Saturday, January 16, 2010

Are "New Atheists" Fundamentalists?

A comment on my recent post on the religious right says that Richard Dawkins, PZ Myers and Sam Harris "do an awful lot to propel their brand of fundamentalism to new heights" implying that their "fundamentalism" is akin to a "different flavor" of the fundamentalism offered by religious textual literalists.

Is that true? Are these gentlemen fundamentalists? And if so, in what sense? And if they are in a certain sense, is that a bad thing?

Well, Dawkins at least has addressed this in his book The God Delusion, and I won't repeat what he says there in this post, nor will I repeat whatever other critics have said (a sampling can be found at links on Wikipedia).

I will however, quote a dictionary definition of fundamentalism:

1. religious beliefs based on a literal interpretation of the Bible, regarded as fundamental to Christian faith and morals
2. the 20th-cent. movement among some American Protestants, based on these beliefs
3. a strict adherence to or interpretation of a doctrine, set of principles, etc., as of a social, legal, political, or religious group or system

Now by the 3rd definition everyone who adheres to a strict adherence of a set of principles of a religious group might be called a fundamentalist. I would admit atheism as a religious group despite what some muddled conservatives might say (especially being ignorant of certain religions that do not admit the existence of deities).

But, as an example, let's take Dawkins. Dawkins is an avowed atheist, but what he means by that is that the evidence that we as humans can observe is so overwhelmingly against the possibility of a deity as to lead one to conclude that one does not exist. If, there were evidence revealed to the contrary, he would have changed his opinion. Ideologically he expresses kinship with Bertrand Russell, who, when asked what he would say when he died and a hypothetical deity asked why he did not profess belief would say, "Not enough evidence."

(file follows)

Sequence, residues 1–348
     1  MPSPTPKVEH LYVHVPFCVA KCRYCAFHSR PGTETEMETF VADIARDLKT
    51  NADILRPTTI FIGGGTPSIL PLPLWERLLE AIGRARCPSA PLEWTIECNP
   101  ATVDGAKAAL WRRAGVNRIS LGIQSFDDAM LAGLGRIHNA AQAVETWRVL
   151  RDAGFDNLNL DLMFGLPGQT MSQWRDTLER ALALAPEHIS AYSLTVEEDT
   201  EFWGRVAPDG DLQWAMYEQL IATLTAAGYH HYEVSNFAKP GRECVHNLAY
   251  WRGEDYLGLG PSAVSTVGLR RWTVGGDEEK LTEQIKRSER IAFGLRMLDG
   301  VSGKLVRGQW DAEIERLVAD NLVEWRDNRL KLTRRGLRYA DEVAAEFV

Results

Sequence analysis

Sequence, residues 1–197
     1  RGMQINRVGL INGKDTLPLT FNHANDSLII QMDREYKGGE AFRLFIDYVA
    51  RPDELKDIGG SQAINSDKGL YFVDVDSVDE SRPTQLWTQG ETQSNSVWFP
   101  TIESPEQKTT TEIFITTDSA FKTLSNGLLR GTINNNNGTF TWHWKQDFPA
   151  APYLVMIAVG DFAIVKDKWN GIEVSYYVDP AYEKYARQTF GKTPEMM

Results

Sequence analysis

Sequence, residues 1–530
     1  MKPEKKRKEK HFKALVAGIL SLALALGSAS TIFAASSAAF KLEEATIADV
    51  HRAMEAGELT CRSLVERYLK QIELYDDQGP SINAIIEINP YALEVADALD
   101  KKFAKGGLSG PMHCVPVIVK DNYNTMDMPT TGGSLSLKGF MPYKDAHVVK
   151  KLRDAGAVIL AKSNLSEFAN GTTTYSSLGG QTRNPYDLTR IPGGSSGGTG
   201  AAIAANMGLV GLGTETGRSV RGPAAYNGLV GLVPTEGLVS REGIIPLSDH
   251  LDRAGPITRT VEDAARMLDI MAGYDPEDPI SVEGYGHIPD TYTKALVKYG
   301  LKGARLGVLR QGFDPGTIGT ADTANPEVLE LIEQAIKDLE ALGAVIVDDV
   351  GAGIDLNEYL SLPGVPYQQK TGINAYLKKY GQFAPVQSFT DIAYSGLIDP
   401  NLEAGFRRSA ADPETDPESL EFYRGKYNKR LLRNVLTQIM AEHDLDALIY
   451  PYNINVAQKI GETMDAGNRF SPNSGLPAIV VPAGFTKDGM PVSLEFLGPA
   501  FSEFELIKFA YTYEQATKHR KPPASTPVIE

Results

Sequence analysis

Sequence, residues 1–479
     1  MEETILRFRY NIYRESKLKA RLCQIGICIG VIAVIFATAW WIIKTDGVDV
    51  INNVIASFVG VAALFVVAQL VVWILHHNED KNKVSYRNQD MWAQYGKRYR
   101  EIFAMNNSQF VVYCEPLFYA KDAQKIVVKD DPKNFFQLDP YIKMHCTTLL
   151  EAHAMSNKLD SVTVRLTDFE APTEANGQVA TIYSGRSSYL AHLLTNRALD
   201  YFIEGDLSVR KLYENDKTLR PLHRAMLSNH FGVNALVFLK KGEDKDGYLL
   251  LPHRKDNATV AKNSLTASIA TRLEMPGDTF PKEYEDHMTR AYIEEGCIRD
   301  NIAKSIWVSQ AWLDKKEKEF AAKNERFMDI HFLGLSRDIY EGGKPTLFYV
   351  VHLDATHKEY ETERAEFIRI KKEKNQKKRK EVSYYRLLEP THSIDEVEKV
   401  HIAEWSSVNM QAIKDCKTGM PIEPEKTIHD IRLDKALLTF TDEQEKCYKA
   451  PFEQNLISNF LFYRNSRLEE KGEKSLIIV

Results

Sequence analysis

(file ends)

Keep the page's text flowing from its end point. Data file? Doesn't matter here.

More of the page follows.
As a counter example, there are fundamentalist creationists aplenty who, when presented with the evidence of dinosaurs, distant galaxies, and what-not that clearly demonstrate the existence of an earth and universe billions of years old engage in all kinds of special pleading to try to wiggle out of the obvious evidence. This includes, but is not limited to:


Our lives are permeated by feeling, emotion, passion and the like, but if we are trying to talk about the Big Things, (Why are we here? What should I do? God? Death? Immortality? Ethics?) we should try to employ reason. As a Buddhist, I try to do this, and where any Buddhism contradicts what can be observed, measured, and logically discussed, we should be wary. True, logical systems come with limitations, and our choice of axioms dictates how our reasoning goes. But - I've got to appeal to my professional deformation here - we should choose our axioms based on their utility to achieve our ends, and as a general rule the fewer the better as long as they have sufficient utility.

Of course the diatribes against the "New Atheists" are by and large done as a defense against the beliefs of those who criticize them (although I think most reasonable people might say, on reflection that "New" is superfluous here and so that criticism should stand).

But stop the tu quoque arguments when you discuss these people. They aren't true.

8 comments:

Petteri Sulonen said...

I only have a problem with Dawkins's followers is when they characterize all religions as categorically and intrinsically bad -- "mind viruses" that should (implicitly or explicitly) be "cured." That attitude is very similar to that of crusading fundamentalists of any of a number of religions, Christianity being the most common one in this neck o' the woods.

I'm technically an atheist too, but I've developed a distaste for the term because of the strong antireligious connotations it carries.

I'm not antireligious. For a great many people I know, religious practice and identity are an enormously enriching part of their experience (and I believe I get something similar from practicing Zen in a particular tradition rather than, say, regular mindfulness-based cognitive therapy).